SWF Debate Resuscitated in India

Ashby Monk

The “on again, off again” debate over whether India should set up a SWF is apparently back “on”. The country’s oil ministry has put in a formal request to the finance ministry to set up a SWF using a portion of the country’s $254 billion in foreign exchange reserves. According to reports, the SWF is being conceptualized by its proponents as a tool to better compete with China in the ongoing drive to secure resources:

“Chinese companies spent a record $32 billion last year buying oil, coal and metals assets abroad, while a $2.1 billion investment by ONGC was India’s sole energy acquisition.”

India has been considering a SWF since 2008. In February that year, the government established an advisory group to evaluate how a SWF might be set up. But the new fund never materialized for two reasons:

  • The generic position against was based on the fact that India’s foreign reserves come from capital inflows (not commodity wealth), which makes the country susceptible to capital flight. Alas, many felt that the country had no “excess” reserves. Indeed, because the Reserve Bank of India is  extremely cautious about shocks to the country’s current account, it was too conservative to get behind the idea of a SWF.
  • There was also a widespread fear that the SWF would become corrupt and the assets would be misappropriated.

I think these positions are justifiable.  But I’m still not entirely convinced.

  • On the first issue, the same argument could be made about China. As Bernhard Reinsberg has said , “a non-commodity SWF would be equally beneficial to India as it already is to China, given the preceding strategic policy choices to intervene in the FX market in both cases.”
  • On the second issue, governance is the crucial determinant of the success of the fund. You can’t tell me that India has a more difficult political environment than São Tomé and Príncipe (which had a coup attempt as recently as 2003). And yet, STP’s National Oil Account was recently flagged as a “model” SWF for developing countries. The governance structures that prevent corruption in STP could be adopted in India.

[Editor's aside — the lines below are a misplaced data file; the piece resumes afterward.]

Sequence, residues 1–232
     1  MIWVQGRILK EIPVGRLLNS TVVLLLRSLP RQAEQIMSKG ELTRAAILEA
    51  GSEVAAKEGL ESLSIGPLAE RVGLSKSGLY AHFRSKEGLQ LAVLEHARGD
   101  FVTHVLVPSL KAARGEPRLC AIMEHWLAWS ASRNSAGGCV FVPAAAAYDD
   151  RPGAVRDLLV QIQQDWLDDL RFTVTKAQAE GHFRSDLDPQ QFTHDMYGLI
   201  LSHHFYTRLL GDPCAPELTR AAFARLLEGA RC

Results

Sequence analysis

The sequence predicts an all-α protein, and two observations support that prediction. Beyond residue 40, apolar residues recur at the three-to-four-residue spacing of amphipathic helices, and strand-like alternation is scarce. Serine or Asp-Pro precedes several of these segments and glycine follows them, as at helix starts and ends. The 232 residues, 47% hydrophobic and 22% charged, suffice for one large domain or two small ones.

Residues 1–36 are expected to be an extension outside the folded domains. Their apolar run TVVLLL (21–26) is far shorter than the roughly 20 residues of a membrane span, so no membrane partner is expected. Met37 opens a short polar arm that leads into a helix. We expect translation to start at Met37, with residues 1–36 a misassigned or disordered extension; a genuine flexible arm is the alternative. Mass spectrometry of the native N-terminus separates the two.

In my view, with the appropriate structure, India could benefit from a SWF. Indeed, most of its peers are already benefiting from SWFs (e.g. the rest of the BRICs). In addition, holding excess reserves has high costs, which can be minimized through more aggressive investing.

However, the Reserve Bank of India is extremely conservative, which means it is anybody’s guess as to whether India will actually be setting up a SWF any time soon. File this under TBD…

5 Responses to “SWF Debate Resuscitated in India”


  1. 1 rien huizer March 17, 2010 at 10:59 pm

    It is funny, but the taxonomy of SWFs may require further complication.

    ” As Bernhard Reinsberg has said , “a non-commodity SWF would be equally beneficial to India as it already is to China, given the preceding strategic policy choices to intervene in the FX market in both cases.”

    I think that this is not a non-commodity fund at all , but an instance of a fund that is linked to commodity imports (by securing access/control re resources in foreign countries). The traditional commodity funds are linked to the export of commodities.